Yellow Jacket Boats maintained ultimate popularity throughout the 1950s. Mac sold distributorships for Yellow Jacket Boats located far enough apart from each other so he would not oversaturate his market. He contracted for specially designed trailers to transport ten Yellow Jacket Boats at a time to his distributors. Mac had only one traveling salesman who carried 24-inch scale models of Yellow Jacket Boats with him, but the salesman always came back sans the models. The distributors would not buy Mac’s boats and put them up for sale unless they could have one of the models. Mac spent about $1,000 a year replacing his scale models built by a Texas craftsman.

Roy Rogers—Who Knew Roy Raced Boats?

In one of his TV episodes, Roy Rogers swapped his horse, Trigger, for a Yellow Jacket Boat. Mac promoted his boats in the style of the great circus promoter, P.T. Barnum. When Eisenhower became POTUS, Mac gave him a Yellow Jacket. When Evinrude gave Steve Allen a motor on the Tonight Show, Steve jokingly said, “Now, all I need is a boat to go with it.” So, Mac gave Steve a Yellow Jacket Boat to go with it. And, Mac gave a Yellow Jacket Boat to Speaker of the House Sam Rayburn in 1955. When Mac learned that Roy Rogers loved racing boats, Mac gave him the fastest little boat on American waters, a Yellow Jacket Boat.

Cy Breen of Denison was a former cameraman for Republic Studios, and Cy knew that Roy Rogers loved racing boats. Mac set Cy up with a Yellow Jacket distributorship. Cy asked Mac if he would supply Roy with a Yellow Jacket Boat in exchange for using Roy’s name to promote Mac’s boats. Roy won a bunch of races with Yellow Jacket Boats and visited the Yellow Jacket Boat plant. Roy purchased a major interest in Mac’s company and at one point became the company’s vice president.

From 1949 to 1959

For eleven years, one of the men who won WWII produced one the highest-quality, most affordable, and most popular boats on American waters and did that right here in Texomaland. At its height of production, Mac’s company turned out 35 to 40 boats a day. Cole and Theakston’s Yellow Jacket hull design remained almost unchanged throughout the life of Mac’s company though Mac offered various cockpit and deck designs in 12-,14-, and 16-foot models.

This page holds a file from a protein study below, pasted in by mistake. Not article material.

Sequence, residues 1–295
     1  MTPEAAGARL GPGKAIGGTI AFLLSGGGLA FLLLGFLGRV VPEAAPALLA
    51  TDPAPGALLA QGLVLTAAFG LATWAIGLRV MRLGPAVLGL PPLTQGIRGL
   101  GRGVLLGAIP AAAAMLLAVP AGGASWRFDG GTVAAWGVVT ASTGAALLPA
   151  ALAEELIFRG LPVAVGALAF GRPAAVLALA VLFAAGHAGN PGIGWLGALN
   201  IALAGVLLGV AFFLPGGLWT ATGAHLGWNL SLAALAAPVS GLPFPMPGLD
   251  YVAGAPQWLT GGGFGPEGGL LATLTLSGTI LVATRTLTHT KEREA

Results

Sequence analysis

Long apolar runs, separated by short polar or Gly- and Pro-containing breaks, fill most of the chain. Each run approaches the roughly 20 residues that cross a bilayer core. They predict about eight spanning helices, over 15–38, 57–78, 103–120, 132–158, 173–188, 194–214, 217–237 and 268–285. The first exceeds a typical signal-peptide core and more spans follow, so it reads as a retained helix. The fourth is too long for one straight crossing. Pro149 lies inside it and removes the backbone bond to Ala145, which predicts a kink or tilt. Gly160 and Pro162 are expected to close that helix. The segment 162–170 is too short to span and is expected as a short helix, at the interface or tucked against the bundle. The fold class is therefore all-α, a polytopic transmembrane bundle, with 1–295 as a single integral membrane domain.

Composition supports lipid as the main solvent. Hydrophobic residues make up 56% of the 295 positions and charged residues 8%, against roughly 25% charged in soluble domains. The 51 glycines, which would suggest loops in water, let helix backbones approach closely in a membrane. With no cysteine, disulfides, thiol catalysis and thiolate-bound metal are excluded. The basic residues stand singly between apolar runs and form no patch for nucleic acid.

The reason for the change from birch to mahogany veneer materialized from dry-rot problems found in the earlier Yellow Jacket Boat models. Other innovative features that Yellow Jacket Boats sported were bent wood spring seats, stronger transoms for larger motors, deeper hulls for a dryer and safer ride, and transoms without knee bracing which led to transom designs still used today.

During the late 1950s, Sears bought Yellow Jacket Boats. Transporting finished boats from Texas to Sears headquarters in the northeast U.S. proved difficult in maintaining the polished integrity of a beautiful boat. So, Yellow Jacket shipped trainloads of molded mahogany “skins” to the Angler/Penn Yan Boat Company where they fitted the mahogany skins to the finished boats. At one time, Yellow Jacket Boats employed 400 people. Mac’s best year for sales was 1957 when he sold 7,000 Yellow Jacket Boats. Mac sold over 20,000 Yellow Jacket Boats over the course of eleven years.

Wood Boats vs. Fiberglass

Although Mac had a significant hand in America’s success on landing at foreign beaches overseas and winning WWII, his wooden boats did not fare well when the new fiberglass boat technology came into play at the end of the 1950s. Mac and company tried to design Yellow Jackets to fit in with the new fiberglass technology but success evaded their endeavors. Wesley Theakston continued to build wooden hulls until 1964 at his company, but he also lost out to fiberglass technology.

Yellow Jacket Boat owners today have spent thousands of loving hours restoring these beautiful boats. The North Texas Wooden Boat Association has information on these wonderful treasure-boats of the past. I read that there are quite a few Yellow Jacket Boats in operation on Lake Texoma and maybe 1,000 in use in America today. Both Mac and Roy Rogers set speed records in the California to Catalina Island Race racing Yellow Jacket Boats.

It’s amazing to think that since the beginning of naval technology starting with ancient Greek author Homer’s description of Odysseus building a ship made of wood that we have only been using fiberglass technology in pleasure boating design for 60 years. For a long time, wood was king in pleasure boats!

You can read loving memories from people whose families owned Yellow Jacket Boats back in the day on this website:



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Lake Texoma Fishing Report from TPWD (Dec. 11)

GOOD. Water stained; 62-64 degrees; 1.90’ high. Striped bass continue to be excellent using slabs, swimbaits, and live bait in deeper water. Largemouth bass are good drifting live baits. Crappie are fair on minnows and jigs around large structure in shallow water. Catfish are fair on live shrimp, cut bait, and minnows.